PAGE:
But in international travel, it troubled me that I was spending so much time on the road and merely hopping from project to project, with times in between that seemed entirely self-focused on visiting sites and passing at the surface level through many cities and towns. And that’s around the time I began learning more about social enterprises and the responsible travel movement. The idea that sometimes simply supporting communities through local-level tourism is the best type of service you can give. Social enterprises are for-profit businesses with a strong underlying mission that creates social, environmental, or cultural value within a local community (I explain it in more depth here). These businesses exist all over the world, and particularly in the developing countries where so many people, like myself, focus time and effort volunteering or financially supporting aid efforts.

As a traveler, I found I had the ability to best serve many of these places by infusing my cash into locally run businesses and any social enterprises I could find. These come in the way of coffee shops, restaurants, tour companies, massage parlors—finding the mom-and-pop shops and supporting their efforts was a new concept for me, and a way to constantly and effectively integrate service into traveling.

And this winding tale of mine, about how my idea of serving others has changed over the years, turns toward my current efforts. One of my key service ideas now centers on a project I launched in 2011—the project pools together all these seemingly disparate ideas of social enterprise, volunteering, and responsible travel. I realized that there were others who were likely also looking for simple ways to serve and travel. My newest site, Grassroots Volunteering, is a community-supported, free and open database of local social enterprises all over the world and small independent volunteer opportunities. And from this project grew my newest book, which was published last year about ethical international volunteering, The Volunteer Traveler’s Handbook.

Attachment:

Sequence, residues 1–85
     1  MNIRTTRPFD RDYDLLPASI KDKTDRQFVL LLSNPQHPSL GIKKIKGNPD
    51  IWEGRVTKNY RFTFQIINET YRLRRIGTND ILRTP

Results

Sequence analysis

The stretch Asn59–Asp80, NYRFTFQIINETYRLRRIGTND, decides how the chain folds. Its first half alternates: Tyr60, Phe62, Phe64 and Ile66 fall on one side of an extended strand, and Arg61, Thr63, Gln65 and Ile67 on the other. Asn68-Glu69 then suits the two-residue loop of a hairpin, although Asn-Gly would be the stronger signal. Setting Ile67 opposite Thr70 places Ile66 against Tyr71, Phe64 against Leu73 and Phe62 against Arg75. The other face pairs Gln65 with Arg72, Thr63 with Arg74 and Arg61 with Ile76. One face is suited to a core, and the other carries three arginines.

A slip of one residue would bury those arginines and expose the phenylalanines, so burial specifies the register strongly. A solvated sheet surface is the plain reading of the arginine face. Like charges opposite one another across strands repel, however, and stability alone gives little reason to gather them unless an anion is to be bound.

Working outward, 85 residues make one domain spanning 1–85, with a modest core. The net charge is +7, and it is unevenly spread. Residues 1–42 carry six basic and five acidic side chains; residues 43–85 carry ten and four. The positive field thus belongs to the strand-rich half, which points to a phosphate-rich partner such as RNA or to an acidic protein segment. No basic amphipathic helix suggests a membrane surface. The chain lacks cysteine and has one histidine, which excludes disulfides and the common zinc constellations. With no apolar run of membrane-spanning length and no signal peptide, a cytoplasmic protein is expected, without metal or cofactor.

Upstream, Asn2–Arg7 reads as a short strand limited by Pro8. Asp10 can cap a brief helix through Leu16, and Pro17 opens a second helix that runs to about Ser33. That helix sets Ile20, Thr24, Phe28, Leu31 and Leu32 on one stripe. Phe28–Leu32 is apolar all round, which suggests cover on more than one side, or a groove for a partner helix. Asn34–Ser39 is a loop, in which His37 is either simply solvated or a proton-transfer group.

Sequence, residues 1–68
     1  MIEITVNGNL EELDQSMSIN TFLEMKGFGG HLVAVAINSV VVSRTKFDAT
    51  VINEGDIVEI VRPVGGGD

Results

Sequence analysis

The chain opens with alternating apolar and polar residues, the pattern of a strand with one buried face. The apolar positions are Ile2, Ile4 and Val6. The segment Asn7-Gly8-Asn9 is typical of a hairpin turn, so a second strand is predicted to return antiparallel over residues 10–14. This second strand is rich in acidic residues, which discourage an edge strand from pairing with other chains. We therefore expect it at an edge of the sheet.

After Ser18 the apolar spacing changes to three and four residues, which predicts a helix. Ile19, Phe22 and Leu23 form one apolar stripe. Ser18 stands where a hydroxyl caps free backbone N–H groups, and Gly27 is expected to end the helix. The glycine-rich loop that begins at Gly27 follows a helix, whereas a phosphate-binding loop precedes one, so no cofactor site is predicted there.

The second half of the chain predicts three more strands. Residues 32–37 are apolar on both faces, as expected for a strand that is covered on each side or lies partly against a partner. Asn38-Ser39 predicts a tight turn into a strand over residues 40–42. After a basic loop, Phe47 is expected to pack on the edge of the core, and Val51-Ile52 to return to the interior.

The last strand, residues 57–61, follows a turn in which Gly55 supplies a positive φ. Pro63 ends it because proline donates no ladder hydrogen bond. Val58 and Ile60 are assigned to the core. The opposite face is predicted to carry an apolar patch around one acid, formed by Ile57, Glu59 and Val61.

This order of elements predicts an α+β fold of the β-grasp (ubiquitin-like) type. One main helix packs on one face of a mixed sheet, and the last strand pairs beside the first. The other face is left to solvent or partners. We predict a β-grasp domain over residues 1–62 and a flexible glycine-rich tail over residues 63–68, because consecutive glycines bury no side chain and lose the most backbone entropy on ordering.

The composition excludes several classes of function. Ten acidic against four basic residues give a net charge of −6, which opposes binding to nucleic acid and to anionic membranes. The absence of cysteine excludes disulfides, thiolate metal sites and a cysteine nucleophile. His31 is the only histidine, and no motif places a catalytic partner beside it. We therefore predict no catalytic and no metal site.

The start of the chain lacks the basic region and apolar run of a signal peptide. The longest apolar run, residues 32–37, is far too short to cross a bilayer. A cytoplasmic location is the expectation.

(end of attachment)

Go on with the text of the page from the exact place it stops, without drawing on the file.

Traveling has had such a profound effect on me, but it was only once I started to look at the integration of service and travel that I found—though it sounds like hyperbole to say—a higher purpose of sorts. When I left to travel, I wasn’t sure if I wanted to live the traditional career path prescribed in the United States, and was even less sure about what I would do instead. Now though I feel like I have found a way to continue serving while also helping and empowering others do the same, and for now, that feels like the right way for me to continue this journey.

Shannon O’Donnell has actively traveled around the world since 2008; she travels slowly and volunteers in small communities along the way. She recently published The Volunteer Traveler’s Handbook, and her travel stories and photography are recorded on her travel blog, A Little Adrift.